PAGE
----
Sydney is diversified by culture with a meaningful Muslim population around the south west suburb of Bankstown. Every year during the Ramadan month, the local council organises a food market which has been warmly appreciated. Here are some photos to share, lovely food and beautiful people.
In Australia, my father is getting old. His back is aching and legs weak. “I ought to take my grandchildren to China,” he said, “to visit the villages where our ancestors lived, and see our countless relatives”.
We arrived at TaiShan on a beautiful sunny day. TaiShan is a county in the province of GuangDong, in Southern China. My late mother’s family came from a small farming village. My mother’s sister in law, my aunt and my cousins, still live there. There is not much farming nowadays, villagers live a simple life and rely mostly on family members working in the big cities.
We were lost at first, went to a wrong village. A loud and friendly woman spoke to one of my cousins on the phone, then pointed to a pathway along the rice fields. The woman and my cousin knew each other – they all do, living in small villages.
The villages were strikingly beautiful – lush rice paddock surrounded by small streams; aged buildings with white-washed walls fading away.
Our aunt and cousins were waiting for us outside the village. There were huge fig trees, with tables and chairs under the trees. Aunt cooked us a delicious lunch. Villages gathered around and watched us eat, talking and laughing.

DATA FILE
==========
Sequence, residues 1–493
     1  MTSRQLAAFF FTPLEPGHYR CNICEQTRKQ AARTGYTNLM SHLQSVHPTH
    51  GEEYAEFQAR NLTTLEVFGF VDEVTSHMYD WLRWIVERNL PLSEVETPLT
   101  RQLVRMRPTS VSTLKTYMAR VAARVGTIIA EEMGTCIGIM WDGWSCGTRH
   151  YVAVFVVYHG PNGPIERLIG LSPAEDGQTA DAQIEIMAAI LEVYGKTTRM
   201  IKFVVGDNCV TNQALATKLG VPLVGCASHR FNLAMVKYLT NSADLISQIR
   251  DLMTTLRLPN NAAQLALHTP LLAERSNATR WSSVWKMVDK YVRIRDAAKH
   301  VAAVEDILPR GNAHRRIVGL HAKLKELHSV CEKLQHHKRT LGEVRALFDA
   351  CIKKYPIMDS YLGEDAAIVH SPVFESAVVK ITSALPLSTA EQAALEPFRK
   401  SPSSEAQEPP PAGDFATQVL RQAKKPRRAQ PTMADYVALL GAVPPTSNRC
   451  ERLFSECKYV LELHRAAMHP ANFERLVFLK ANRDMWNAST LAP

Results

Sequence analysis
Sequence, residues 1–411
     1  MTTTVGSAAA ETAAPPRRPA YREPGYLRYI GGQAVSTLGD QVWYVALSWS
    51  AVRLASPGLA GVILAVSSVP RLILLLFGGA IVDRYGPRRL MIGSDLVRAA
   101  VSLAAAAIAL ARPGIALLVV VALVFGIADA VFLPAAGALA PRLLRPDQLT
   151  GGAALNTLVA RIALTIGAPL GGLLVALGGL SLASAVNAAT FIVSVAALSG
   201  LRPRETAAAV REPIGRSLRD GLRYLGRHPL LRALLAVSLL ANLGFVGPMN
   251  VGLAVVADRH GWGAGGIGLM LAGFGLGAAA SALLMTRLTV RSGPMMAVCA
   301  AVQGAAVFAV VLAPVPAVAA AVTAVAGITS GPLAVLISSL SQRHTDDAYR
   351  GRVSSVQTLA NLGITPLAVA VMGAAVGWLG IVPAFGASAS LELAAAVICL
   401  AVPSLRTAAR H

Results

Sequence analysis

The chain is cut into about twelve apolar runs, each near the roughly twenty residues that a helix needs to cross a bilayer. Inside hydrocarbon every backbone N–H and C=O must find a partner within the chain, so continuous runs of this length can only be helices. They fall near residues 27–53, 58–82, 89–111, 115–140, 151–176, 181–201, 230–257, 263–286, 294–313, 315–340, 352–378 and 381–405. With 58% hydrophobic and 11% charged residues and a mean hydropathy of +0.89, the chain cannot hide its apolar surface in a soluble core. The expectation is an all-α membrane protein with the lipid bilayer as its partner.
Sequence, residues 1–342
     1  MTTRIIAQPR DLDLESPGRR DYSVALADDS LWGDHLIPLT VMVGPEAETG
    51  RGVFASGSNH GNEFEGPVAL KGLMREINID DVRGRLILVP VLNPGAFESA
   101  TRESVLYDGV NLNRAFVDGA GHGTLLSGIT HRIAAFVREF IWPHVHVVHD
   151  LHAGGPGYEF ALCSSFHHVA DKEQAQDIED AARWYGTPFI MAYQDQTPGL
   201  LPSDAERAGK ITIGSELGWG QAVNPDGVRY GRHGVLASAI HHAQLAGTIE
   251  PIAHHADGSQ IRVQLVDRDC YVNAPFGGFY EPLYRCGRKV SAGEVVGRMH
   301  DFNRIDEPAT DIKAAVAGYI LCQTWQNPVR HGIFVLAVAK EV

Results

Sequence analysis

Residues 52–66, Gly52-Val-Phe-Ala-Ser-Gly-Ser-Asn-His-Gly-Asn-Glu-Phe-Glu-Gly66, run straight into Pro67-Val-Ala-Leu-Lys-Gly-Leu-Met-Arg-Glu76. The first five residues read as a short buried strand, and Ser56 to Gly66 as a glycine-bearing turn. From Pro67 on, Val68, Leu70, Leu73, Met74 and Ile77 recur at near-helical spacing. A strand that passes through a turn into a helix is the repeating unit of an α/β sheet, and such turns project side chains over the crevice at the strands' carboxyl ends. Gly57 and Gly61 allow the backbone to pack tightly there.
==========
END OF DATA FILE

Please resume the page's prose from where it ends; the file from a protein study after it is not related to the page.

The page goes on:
After lunch, we walked to aunt’s house, along lane ways lined with houses built with blue and grey bricks. I was fascinated by the doors, colorful and vibrant.
My little boy entertained himself trying to figure out how to break up a large block of ice with a ‘head chopper’ knife, and to pump water from a well.
The huge block of ice was for a 2-year old girl’s ‘shaving party’ that evening. It is a tradition to have a banquet for a one-month old birthday; if any of the little ones didn’t have an one-month birthday party, he or she could have a ‘shaving party’ as a replacement. The whole village was invited, quite a big event.
Under the beautiful fig trees, men were busy cooking up a feast, using the simplest cooking equipment and utensils.
Their equipment and utensils were borrowed from the village houses, well used and battered.
We visited many houses, enjoying homemade traditional snacks – pork and rice wrapped in banana leafs, sweet red bean & tapioca wrapped in banana leafs, steamed water chestnut cakes, glutinous rice dumplings, and steamed sweet rice balls.
I have not seen my aunt and cousins for over 35 years, but I still remembered vividly how poor they (and we) were. During my teen age years, I once stayed with them over a summer holiday. We fished for frogs, clams and snails to eat, and barely had enough rice to fill our tummies. I remember my late uncle, skinny and hunching, carrying a heavy load of organic (e.g. human) fertilizer to the field, using a bamboo stick and two wooden buckets.
Today, my eldest cousin, Zhong, is a trained mechanic. His son and his beautiful wife have a 2-year old daughter. Zhong travels with his son across China, maintain and repair equipment. They live in a newly built house that is modern and spacious. My second cousin, Yuan, married a dim sim chef. They have a lovely teenage daughter. They are wonderfully warm people who opened their homes and their hearts to us.
We said goodbye to my aunt, cousins and their families. We hope to return one day very soon.